Jill K. Sanders at the Pappalardo & Pappalardo, LLP, explains in an article that a person is incapable of consent when he or she is under 17 years old; mentally disabled or incapacitated; physically helpless, including being unconscious, asleep or drugged; in police custody, jail or prison; or in some hospital or medical settings.
Note: Sexual harassment can be verbal, physical or pictorial. Whether you are the victim of sexual harassment or someone who is affected by it or witnessed it, you have the right to complain. In a working environment, you have the right not to be retaliated against by your employer if you complain about sexual harassment of you or another person, according to the New York City Bar’s website.
Please remember, experiencing sexual violence is NOT your fault. It can happen to anyone regardless of age, gender, sexual orientation, race, ethnicity or social group. Check out NYC HOPE’s website to look for signs of gender-based violence.
Challenges facing the immigrant community
When it comes to getting support after experiencing sexual violence, many immigrant New Yorkers are concerned about not being able to receive services in their native language, says Audrey Williams, a crime victim/domestic violence advocate at the 5th Precinct.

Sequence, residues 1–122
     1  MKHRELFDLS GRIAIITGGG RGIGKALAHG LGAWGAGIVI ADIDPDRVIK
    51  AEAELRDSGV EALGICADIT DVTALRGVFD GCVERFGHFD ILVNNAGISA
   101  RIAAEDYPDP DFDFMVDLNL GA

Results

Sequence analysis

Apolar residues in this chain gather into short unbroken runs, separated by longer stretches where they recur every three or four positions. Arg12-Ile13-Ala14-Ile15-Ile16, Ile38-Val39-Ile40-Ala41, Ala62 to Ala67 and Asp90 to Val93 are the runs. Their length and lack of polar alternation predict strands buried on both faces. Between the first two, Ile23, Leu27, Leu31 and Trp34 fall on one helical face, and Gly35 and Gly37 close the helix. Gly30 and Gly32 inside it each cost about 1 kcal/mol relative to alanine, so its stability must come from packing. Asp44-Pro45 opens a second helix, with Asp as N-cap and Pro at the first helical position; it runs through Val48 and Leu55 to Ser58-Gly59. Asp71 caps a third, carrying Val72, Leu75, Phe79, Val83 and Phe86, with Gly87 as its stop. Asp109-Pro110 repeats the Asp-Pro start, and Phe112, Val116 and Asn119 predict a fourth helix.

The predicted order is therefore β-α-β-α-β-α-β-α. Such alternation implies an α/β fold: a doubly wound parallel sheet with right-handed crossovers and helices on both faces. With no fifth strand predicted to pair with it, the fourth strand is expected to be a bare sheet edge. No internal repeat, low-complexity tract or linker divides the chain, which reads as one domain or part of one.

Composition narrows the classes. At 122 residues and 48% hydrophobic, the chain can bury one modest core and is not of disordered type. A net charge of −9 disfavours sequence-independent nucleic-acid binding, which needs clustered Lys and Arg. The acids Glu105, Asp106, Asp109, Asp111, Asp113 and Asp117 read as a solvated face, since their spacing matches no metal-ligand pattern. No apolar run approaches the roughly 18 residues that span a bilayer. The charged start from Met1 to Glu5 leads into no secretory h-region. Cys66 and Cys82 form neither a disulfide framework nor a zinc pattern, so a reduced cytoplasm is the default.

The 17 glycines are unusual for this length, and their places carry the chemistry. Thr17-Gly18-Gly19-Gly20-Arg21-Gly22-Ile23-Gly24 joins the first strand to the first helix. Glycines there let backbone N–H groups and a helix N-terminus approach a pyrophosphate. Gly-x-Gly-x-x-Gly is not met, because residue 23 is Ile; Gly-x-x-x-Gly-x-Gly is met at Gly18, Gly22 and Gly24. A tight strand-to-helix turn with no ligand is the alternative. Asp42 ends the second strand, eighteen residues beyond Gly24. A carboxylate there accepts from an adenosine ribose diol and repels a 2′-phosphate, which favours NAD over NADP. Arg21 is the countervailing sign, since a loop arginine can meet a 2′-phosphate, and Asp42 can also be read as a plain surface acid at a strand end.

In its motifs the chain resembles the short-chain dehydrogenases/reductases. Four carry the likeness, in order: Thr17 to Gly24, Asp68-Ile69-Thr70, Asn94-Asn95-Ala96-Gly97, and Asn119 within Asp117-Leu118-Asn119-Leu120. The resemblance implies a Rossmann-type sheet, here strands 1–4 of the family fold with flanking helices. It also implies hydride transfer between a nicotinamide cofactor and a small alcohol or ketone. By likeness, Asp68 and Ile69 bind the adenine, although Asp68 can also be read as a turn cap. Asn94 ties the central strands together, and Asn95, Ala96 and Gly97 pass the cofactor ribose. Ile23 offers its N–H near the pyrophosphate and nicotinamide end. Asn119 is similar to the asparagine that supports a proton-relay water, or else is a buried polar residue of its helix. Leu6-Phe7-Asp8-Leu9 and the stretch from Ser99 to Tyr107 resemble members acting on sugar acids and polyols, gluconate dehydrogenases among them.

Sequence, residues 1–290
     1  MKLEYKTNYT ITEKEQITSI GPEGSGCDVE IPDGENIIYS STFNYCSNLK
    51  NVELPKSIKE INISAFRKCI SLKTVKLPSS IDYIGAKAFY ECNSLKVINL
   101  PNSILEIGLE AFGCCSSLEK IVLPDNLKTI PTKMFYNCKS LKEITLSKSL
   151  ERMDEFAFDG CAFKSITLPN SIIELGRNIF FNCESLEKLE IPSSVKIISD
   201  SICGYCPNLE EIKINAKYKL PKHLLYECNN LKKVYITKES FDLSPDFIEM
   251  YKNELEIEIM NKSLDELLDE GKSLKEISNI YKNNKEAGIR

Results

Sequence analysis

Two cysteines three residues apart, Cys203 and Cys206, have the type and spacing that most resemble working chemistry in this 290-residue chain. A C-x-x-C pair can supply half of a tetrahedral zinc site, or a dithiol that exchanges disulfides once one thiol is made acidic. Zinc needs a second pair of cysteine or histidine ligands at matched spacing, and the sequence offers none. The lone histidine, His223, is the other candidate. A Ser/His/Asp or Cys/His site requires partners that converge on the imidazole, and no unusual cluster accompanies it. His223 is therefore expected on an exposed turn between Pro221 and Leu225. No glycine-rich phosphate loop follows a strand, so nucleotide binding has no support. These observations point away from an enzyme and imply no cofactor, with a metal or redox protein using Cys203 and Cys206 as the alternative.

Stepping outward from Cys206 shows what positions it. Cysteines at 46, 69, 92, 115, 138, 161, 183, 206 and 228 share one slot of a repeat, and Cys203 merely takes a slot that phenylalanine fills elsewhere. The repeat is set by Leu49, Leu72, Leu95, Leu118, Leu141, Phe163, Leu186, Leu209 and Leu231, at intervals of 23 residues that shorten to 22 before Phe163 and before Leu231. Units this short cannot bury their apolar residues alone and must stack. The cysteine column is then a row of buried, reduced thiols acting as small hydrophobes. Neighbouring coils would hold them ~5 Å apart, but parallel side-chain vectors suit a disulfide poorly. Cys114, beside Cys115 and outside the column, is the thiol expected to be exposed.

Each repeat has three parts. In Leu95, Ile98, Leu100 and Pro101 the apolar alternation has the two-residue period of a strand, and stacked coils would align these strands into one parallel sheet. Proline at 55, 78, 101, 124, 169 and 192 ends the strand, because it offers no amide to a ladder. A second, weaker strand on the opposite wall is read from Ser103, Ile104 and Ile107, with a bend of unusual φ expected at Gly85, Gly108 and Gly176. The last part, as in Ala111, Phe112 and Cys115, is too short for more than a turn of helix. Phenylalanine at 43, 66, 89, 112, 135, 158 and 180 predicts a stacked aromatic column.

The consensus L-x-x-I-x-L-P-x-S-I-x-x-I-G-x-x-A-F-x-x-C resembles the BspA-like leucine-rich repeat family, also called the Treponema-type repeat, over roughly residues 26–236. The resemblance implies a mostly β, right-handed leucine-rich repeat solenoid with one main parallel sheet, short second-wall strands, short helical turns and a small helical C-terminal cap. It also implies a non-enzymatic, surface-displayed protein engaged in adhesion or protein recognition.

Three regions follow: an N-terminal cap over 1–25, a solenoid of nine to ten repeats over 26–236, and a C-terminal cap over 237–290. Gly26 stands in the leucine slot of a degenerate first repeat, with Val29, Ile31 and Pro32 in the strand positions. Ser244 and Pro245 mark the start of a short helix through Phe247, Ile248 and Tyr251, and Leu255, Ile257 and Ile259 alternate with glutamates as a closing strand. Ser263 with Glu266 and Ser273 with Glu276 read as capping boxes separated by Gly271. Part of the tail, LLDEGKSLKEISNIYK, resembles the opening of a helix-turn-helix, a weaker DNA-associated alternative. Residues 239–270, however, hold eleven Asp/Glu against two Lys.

Another big challenge is the lack of language to speak about situations regarding sexual violence. “It can be very difficult to conceive and discuss sexual violence. And there’s a discrepancy between the cultures of talking about sexual violence in English and in other cultures where sexual violence may not be spoken about as frequently,” says Williams. Thus, survivors are concerned about what they described being misunderstood or misconstrued.
Concerns about interacting with law enforcement and paying for medical care are also very common among immigrant New Yorkers, especially with undocumented immigrants. However, Williams highly recommends that you talk to an advocate to learn what your rights are and what options are open for you.